This should be a defining moment for progressive politicians. The economic orthodoxy has failed. Economies around the world are stuck on paths of slow or fragile growth, business investment remains below pre-crisis trajectories, and living standards and wages for ordinary workers continue to stagnate. The Brexit vote reflected a broad dissatisfaction with the status quo – the feeling of being left behind – and a distrust of the ideas, or lack of them, that got us here. If ever there was a time for bold new thinking about where value comes from and how it is shared, that time is now. Yet progressives are struggling to articulate alternatives with enough credibility to seize the moment.
To many voters, politicians on the left seem interested only in how wealth is distributed, not how it is created. Those who try to counter this impression by talking positively about “wealth creators” or being “business-friendly” end up reinforcing a simplistic – and false – idea of who those who create wealth are.
A progressive economic agenda must have at its heart an understanding of wealth creation as a collective process. Yes, businesses are wealth creators, but they do not create wealth alone. Workers, public institutions and civil organisations are also wealth creators. Their collective actions can increase the investments required to drive long-run growth and productivity. But this will happen only if the private and public sectors find a way to share the risks and rewards of the 21st century.
This demands moving away from the idea that the public sector merely facilitates the private sector, or picks up the downside in an economy where the risks are borne by a “flexible” workforce and the rewards hoarded by corporate giants. Instead, we must consider how responsibilities can be shared for the bold investments that are needed. The current situation has led to an overly financialised private sector – with company profits being spent not on reinvestment, but on gimmicks to bolster stock options such as share buybacks – and to a public sector that is told to create the conditions for growth and let the private sector do the steering and profit-making.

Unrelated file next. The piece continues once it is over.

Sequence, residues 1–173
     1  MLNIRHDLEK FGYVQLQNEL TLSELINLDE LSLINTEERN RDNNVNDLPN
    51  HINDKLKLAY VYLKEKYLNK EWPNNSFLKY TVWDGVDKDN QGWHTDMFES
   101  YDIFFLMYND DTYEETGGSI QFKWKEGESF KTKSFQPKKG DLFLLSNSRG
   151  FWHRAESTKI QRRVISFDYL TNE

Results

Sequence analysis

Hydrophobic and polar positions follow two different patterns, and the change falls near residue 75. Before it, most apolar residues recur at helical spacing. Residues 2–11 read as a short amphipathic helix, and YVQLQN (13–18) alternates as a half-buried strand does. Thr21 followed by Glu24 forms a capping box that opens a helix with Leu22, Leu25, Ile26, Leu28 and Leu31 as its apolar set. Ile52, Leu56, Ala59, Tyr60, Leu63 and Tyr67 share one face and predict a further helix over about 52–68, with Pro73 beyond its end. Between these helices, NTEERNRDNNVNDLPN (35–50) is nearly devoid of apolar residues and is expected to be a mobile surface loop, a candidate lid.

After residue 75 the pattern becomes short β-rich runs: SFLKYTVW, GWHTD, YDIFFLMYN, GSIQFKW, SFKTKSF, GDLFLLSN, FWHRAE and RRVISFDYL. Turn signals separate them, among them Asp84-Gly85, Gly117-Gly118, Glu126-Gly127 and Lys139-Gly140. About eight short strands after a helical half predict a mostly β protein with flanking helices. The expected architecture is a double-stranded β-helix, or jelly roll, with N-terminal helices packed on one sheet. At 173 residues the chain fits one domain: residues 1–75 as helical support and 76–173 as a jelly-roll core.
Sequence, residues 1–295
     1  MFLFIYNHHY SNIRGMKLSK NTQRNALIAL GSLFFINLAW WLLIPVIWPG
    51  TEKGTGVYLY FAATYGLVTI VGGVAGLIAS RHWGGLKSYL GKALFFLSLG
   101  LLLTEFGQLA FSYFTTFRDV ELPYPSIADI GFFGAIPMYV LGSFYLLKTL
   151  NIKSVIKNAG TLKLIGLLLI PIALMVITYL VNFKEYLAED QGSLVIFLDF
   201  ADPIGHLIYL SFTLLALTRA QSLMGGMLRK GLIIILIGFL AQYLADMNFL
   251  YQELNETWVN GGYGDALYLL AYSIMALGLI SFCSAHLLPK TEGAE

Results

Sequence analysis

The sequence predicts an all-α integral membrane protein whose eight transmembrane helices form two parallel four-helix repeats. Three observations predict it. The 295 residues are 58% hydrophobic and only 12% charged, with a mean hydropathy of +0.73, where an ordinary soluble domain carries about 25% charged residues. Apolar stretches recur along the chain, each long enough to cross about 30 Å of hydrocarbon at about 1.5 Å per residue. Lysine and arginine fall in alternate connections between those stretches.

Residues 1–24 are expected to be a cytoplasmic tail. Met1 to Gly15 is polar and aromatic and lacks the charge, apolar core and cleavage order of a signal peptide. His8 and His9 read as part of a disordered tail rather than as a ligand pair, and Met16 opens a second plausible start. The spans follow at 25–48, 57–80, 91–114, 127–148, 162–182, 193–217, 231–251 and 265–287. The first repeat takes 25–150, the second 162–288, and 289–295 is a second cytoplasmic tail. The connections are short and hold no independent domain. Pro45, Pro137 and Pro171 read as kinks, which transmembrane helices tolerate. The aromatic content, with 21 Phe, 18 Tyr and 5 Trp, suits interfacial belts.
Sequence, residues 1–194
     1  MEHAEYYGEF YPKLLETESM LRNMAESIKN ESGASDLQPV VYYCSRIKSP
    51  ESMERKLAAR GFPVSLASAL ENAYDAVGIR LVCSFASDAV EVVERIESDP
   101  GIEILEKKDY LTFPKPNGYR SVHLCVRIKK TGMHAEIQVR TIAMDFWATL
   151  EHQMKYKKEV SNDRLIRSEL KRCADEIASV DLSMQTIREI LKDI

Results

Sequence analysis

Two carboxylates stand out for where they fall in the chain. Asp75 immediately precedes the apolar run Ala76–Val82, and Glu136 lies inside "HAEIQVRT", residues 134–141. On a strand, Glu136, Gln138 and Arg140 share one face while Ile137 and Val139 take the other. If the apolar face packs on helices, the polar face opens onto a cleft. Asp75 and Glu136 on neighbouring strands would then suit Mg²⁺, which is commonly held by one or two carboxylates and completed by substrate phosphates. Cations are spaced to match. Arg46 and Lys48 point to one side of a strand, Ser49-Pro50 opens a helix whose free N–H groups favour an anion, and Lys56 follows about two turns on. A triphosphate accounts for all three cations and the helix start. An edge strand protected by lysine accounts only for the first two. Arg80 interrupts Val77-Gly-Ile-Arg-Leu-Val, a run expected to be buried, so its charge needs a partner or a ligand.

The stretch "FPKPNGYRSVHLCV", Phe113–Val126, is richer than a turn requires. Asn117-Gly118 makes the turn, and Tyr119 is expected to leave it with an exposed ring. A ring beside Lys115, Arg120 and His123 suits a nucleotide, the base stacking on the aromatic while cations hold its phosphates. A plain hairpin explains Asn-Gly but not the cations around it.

Some separate economic from societal problems, stating that we must address the former before we can tackle the latter. But the future for progressives lies in advancing the two together. It is through applying our minds to societal and environmental issues that we can lay the foundations for future prosperity. The means is “mission-oriented” policy, where an objective – such as landing a human being on the moon or decarbonising the economy – can offer a fresh direction for the entire economy. Meeting challenges such as climate change by steering the economy in a green direction requires more than a “nudging” mentality. “Nudging” assumes business already wants to invest in new areas and merely requires incentivising through reductions in tax or regulations. But the animal spirits of business must be created, not assumed. This requires a more active market-shaping and market-creating framework that sparks business excitement about new investment.